When the deportations started, the Jews did not know what Treblinka was. They were being told by the Germans that they would go to work in the East. As time passed, however, the truth reached more and more people. There was no news from the deportees, more and more rumors were circulating. Information about Treblinka, brought by those who managed to escape, began to arrive fairly quickly in the ghettos. Initially, their reports were not believed, they were accused of spreading defeatism. Nevertheless, more and more people began to realize that Treblinka meant death.
Those deported to the camp tried to save themselves. On the way to Treblinka many people would jump out of the train. Most of them died.
Some would also try to escape from the Treblinka camp – in carriages with shipments, over the barbed wire, and by digging a tunnel. In the beginning the escapes were more frequent, later, when collective responsibility was introduced, they became less common. Few of the escapes were successful.
A large group of prisoners escaped from the camp during the uprising that broke out on August 2, 1943. About 500 of the 800 prisoners in the camp at that time escaped. Less than 100 survived the war.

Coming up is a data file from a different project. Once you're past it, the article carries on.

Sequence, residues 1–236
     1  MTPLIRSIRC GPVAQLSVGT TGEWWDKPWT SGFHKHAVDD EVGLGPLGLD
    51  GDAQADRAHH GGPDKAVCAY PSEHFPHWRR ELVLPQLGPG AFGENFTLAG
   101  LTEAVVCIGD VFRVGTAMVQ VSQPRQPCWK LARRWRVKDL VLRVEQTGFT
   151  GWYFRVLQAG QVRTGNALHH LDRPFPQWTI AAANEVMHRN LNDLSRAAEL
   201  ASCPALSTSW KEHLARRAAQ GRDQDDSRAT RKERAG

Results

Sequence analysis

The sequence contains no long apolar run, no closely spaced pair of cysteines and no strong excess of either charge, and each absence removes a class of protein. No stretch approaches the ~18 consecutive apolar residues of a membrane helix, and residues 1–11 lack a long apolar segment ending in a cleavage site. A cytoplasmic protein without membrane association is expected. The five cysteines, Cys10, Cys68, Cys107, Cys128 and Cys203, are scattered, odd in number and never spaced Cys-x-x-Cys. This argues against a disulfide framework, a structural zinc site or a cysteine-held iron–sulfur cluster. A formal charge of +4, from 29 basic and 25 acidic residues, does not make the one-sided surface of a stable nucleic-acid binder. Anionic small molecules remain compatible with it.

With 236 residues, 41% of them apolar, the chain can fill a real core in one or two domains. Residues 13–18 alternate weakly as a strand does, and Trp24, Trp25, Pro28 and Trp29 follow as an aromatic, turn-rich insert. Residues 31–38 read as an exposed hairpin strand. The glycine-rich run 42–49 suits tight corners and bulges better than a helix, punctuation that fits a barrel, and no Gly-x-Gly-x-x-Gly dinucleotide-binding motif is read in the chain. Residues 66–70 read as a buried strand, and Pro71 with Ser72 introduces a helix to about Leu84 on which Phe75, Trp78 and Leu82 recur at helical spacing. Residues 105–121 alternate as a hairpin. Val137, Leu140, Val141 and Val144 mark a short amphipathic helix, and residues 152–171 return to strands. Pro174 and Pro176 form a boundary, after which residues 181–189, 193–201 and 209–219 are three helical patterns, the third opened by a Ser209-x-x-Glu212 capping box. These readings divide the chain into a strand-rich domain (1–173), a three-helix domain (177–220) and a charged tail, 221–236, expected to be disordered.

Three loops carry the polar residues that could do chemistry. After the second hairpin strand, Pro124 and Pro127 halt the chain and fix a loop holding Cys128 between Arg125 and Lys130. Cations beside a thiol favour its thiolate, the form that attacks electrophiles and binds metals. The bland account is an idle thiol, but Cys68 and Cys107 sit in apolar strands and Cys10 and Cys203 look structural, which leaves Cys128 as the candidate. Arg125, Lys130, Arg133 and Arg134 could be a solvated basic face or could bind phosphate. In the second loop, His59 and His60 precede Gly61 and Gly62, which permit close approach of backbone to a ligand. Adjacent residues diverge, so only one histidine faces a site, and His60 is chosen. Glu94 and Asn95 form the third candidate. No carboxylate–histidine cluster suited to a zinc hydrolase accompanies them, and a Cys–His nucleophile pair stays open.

“Some people deported to the extermination camp tried to save themselves by jumping from the speeding train. Hundreds would take the risk. Not everyone was lucky. Some of the people who jumped out of the train lost their lives under the wheels of the wagons, some lost their legs and hands, and without medical help the wounded also died. The convoying Nazis shot at those who were jumping from the train, and so, for example, one girl lost an arm while jumping, a member of the Blue Police aimed at her and she yanked the policeman’s gun away with her good hand. But she didn’t stand a chance, the policeman was more capable – he picked up the gun and shot the girl. Others were captured by the Germans, or by Poles, or by other Nazi collaborators, and murdered. I managed to find refuge with a Catholic.”
(Written testimonies collected in the Archive of Jewish Historical Institute in Warsaw; testimony number and the relationship of the witness and the deceased (if known) are provided. 301/35, rel. Estera Waldman)
In order to preserve the memory of this heroic nameless girl and other brave people, we have created a base of the fugitives from Treblinka.
Grants from the Foundation for Polish-German Cooperation and the Association of the Jewish Historical Institute in Poland were an important help in creating the database.